The argument revolves around Psalm 110.1 which may well have been a seedbed for messianic speculation in first century Palestine and certainly became a Christian proof text for Jesus’ exaltation (e.g. Acts 2:34-35). We need to remember that David would have been considered the author of this psalm and, writing under divine inspiration (‘by the Holy Spirit’), refers to the Messiah as, ‘my Lord’. As sonship assumes subordination and lordship implies superiority, it would be impossible for David to refer to the Messiah as his Lord whilst knowing him to be his son. Hence the conundrum.
Whether Jesus wished to undermine the association between king David and the Messiah, and how he saw this argument reflecting on his own self-understanding and perception by others is difficult to assess. It is possible that his purpose is more subtle, distinguishing between natural descent and divine vocation to demonstrate that God is free to use whoever he wishes irrespective of background (cf. Romans 1:3-4).
Interestingly, Jesus continues to challenge stereotypes in his castigation of the scribes (vv. 38-40). We know from verses 28-34 that he didn’t consider them all corrupt and perhaps his point is a more general one about the dangers of external religiosity masking sinister conduct and morally bankrupt motivations (cf. 11:12-26). Their practice of exploiting widows is clearly deplorable and may refer to unscrupulous estate management by the religious authorities.
A widow is also the subject of the final tradition in this section (vv. 41-44), which continues the theme of the previous one, namely, that appearances can be deceptive and need not reveal a person’s true self. In this case, the issue is giving to God or, at least, to the religious structure claiming divine authority (i.e. the Temple). As usual, Jesus’ insight is both penetrating and disturbing: generosity is not a measure of the contribution, but a condition of the heart.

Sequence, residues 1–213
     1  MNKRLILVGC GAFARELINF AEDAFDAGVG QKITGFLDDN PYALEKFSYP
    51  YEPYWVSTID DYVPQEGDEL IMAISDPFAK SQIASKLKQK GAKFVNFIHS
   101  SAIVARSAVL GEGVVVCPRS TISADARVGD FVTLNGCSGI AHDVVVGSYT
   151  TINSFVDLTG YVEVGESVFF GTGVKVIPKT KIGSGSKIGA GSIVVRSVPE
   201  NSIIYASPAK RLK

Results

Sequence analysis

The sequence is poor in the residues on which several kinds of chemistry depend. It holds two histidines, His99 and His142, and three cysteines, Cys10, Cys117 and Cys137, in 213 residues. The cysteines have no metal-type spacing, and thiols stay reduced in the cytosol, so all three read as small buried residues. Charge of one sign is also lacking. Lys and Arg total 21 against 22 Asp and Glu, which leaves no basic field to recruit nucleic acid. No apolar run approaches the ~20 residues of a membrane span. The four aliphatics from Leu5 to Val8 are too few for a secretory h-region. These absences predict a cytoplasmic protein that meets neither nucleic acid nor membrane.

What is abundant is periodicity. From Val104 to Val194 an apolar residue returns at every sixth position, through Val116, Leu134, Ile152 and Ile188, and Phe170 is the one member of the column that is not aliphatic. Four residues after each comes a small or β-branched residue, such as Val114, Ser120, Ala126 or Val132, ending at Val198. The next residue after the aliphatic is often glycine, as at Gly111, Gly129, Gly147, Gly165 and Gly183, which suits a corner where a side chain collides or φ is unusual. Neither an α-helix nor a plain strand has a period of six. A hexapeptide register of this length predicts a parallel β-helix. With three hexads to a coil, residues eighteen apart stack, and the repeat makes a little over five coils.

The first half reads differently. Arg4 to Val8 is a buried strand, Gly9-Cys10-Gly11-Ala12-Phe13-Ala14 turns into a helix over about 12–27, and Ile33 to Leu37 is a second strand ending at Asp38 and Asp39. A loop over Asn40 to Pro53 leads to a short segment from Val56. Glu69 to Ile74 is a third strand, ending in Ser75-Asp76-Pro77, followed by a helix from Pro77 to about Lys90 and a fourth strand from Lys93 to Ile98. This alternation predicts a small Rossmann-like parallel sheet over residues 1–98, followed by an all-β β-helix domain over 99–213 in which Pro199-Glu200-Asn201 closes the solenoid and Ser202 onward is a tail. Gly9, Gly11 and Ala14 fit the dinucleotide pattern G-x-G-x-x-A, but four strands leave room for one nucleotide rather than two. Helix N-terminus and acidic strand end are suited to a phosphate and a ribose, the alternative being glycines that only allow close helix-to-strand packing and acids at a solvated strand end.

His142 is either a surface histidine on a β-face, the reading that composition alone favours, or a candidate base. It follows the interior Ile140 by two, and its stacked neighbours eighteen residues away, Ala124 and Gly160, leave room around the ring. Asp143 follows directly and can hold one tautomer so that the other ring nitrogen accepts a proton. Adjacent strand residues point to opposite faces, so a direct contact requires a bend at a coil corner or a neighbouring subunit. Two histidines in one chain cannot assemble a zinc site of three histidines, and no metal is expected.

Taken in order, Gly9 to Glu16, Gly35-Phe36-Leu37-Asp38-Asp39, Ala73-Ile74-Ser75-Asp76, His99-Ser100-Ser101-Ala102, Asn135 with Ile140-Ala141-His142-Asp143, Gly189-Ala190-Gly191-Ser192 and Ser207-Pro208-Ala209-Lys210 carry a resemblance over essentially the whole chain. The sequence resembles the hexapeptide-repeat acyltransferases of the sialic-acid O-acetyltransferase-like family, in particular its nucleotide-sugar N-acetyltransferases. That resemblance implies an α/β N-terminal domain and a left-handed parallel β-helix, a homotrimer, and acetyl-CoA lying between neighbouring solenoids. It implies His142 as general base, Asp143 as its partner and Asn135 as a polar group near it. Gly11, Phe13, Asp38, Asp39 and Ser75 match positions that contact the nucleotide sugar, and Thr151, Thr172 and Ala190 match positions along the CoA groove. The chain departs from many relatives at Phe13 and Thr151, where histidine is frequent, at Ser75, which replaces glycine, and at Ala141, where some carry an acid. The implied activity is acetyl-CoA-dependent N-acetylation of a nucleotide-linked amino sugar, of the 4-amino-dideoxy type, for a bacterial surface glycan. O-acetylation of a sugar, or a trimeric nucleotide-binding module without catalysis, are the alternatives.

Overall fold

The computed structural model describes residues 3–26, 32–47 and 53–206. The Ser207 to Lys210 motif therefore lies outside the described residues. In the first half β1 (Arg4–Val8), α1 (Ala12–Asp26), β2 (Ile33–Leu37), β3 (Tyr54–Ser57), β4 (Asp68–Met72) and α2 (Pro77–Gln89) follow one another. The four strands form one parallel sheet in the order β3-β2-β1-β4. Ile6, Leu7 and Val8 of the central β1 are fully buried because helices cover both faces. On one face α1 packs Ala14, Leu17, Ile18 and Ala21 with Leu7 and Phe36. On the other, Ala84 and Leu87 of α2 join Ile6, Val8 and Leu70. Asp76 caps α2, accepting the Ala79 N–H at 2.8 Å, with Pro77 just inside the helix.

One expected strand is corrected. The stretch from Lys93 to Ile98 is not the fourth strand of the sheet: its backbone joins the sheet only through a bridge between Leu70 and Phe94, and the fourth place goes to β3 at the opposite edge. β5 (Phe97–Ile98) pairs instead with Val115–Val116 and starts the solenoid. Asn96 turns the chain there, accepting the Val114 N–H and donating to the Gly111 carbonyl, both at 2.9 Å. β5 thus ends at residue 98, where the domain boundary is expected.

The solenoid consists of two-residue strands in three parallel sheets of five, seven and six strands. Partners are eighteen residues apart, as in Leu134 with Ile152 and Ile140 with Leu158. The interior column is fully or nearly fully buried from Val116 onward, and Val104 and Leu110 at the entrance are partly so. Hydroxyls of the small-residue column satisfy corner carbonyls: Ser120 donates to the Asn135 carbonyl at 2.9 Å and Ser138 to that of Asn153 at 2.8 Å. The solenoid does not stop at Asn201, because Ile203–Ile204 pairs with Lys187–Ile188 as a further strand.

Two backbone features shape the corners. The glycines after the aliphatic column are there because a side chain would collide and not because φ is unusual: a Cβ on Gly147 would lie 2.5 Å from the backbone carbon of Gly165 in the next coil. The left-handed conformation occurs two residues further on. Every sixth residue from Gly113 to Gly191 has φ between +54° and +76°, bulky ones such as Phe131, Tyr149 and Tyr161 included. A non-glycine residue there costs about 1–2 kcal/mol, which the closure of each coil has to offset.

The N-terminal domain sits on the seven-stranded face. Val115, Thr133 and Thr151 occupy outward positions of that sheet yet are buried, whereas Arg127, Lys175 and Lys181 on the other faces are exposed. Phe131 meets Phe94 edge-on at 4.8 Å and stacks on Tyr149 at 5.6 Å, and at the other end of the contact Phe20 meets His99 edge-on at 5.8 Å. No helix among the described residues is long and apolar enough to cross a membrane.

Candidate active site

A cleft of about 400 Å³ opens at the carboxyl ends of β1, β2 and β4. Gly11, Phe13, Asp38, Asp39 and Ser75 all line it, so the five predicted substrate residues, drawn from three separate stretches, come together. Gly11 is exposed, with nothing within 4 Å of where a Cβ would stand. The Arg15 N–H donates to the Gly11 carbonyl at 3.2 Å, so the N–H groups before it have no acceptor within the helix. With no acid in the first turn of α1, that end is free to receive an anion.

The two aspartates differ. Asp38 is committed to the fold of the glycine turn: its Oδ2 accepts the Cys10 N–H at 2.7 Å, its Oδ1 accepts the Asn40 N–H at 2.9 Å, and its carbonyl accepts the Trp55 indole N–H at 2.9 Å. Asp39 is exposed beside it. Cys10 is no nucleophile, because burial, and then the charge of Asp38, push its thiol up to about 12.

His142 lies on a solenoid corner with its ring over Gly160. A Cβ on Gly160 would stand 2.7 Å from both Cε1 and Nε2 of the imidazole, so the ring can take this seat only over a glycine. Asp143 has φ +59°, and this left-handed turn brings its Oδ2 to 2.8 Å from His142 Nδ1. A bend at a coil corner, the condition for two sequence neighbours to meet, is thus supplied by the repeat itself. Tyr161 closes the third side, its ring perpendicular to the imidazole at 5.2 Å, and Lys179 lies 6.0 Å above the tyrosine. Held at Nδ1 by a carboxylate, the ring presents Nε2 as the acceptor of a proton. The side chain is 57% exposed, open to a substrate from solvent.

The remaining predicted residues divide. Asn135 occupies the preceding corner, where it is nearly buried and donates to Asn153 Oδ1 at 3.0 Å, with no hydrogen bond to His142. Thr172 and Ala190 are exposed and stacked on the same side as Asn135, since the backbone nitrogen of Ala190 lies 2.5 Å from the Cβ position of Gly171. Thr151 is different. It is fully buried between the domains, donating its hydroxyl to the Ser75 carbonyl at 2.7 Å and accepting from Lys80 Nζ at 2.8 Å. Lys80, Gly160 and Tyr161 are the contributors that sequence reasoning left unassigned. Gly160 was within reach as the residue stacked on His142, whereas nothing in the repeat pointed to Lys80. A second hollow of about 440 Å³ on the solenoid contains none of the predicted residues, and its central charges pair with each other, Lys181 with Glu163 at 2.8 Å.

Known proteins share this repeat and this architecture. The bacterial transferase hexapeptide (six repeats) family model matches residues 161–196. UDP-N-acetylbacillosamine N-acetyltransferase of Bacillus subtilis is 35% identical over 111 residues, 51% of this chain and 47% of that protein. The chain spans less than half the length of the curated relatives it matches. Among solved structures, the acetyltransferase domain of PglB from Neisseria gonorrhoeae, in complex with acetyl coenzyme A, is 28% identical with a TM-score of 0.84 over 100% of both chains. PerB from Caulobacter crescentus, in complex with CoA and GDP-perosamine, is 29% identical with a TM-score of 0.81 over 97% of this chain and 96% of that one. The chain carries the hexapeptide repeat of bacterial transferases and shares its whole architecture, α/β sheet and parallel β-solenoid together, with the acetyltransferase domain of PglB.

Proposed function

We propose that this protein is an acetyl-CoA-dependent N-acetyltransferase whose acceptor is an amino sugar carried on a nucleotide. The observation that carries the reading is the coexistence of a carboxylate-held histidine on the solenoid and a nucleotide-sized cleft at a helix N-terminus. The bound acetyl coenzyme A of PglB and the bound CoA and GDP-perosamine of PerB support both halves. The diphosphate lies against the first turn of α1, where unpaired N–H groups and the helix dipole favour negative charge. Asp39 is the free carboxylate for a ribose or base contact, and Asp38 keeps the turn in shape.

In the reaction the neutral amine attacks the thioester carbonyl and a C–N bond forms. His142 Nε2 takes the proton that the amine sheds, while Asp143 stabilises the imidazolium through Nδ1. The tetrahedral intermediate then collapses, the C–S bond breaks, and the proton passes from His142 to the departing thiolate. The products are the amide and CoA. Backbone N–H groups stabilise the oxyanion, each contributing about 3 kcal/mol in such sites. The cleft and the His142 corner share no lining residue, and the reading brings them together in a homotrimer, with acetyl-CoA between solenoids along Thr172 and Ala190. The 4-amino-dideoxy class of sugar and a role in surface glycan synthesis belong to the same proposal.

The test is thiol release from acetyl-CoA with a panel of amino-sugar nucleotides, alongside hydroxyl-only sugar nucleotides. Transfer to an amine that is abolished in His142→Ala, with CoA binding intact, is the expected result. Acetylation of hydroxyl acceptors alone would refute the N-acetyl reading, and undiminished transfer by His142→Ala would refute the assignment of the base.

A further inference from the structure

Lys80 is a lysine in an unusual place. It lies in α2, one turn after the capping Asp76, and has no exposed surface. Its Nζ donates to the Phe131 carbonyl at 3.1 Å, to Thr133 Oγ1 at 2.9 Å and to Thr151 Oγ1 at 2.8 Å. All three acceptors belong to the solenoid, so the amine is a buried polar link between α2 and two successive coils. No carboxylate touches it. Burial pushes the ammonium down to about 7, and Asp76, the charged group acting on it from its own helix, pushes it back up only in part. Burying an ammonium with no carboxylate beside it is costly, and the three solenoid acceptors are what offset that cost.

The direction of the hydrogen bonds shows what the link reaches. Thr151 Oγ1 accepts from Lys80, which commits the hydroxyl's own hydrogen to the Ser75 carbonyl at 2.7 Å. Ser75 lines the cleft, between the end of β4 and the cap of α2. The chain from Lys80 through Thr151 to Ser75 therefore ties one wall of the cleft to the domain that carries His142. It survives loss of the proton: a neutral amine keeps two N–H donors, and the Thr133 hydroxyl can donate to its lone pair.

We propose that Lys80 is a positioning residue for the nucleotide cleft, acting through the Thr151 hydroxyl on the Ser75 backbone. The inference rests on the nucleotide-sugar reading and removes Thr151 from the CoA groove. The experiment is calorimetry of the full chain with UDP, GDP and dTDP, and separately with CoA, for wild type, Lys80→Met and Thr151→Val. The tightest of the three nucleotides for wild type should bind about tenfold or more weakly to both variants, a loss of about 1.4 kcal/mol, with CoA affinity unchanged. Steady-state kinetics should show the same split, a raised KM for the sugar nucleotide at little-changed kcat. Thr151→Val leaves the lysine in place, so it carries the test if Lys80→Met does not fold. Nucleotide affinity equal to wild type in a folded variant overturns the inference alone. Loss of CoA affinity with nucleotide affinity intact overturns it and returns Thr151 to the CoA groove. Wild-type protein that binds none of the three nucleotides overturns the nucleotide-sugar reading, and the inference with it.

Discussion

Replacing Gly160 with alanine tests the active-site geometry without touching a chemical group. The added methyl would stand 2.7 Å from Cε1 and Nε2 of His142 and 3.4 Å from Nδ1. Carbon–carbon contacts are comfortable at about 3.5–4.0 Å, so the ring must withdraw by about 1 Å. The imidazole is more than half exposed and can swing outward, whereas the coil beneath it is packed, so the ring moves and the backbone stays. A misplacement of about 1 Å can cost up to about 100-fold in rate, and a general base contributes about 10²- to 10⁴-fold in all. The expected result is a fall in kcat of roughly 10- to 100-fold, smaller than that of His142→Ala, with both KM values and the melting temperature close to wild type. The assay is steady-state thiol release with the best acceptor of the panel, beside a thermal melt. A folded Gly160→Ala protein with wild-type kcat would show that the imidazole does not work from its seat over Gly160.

End-time predictions – Part I
Read Mark 13:1-13
Chapter thirteen is a remarkable piece of writing, time tabling the final countdown before God intervenes decisively through his heavenly Messiah, the Son of Man, to save the faithful from a corrupt humanity’s collision course with disaster. We find examples of this kind of apocalyptic speculation in the Hebrew Scriptures (e.g. Daniel) and it was widespread in the first century. Many influences can be identified within this genre, including, concern over God’s non-activity in the world and his failure to fulfil covenantal promises, a desire to imbue the present with meaning, and a longing to know the mind of God not only in the past and present but also in the future.
Apocalyptic invites hearers to discover their own situation within its imagery and allusions, and so to redeem life by locating it within sacred time – the outworkings of salvation history. Of the various end-time overtures rehearsed in chapter 13, references to the destruction of the Temple (v. 2) and its desecration (v. 14) are identifiable events, although it is unclear whether Mark writes before or after their fulfilment (cf. the Temple was destroyed in 70 AD by fire). This issue is one of the determining factors for dating the Gospel.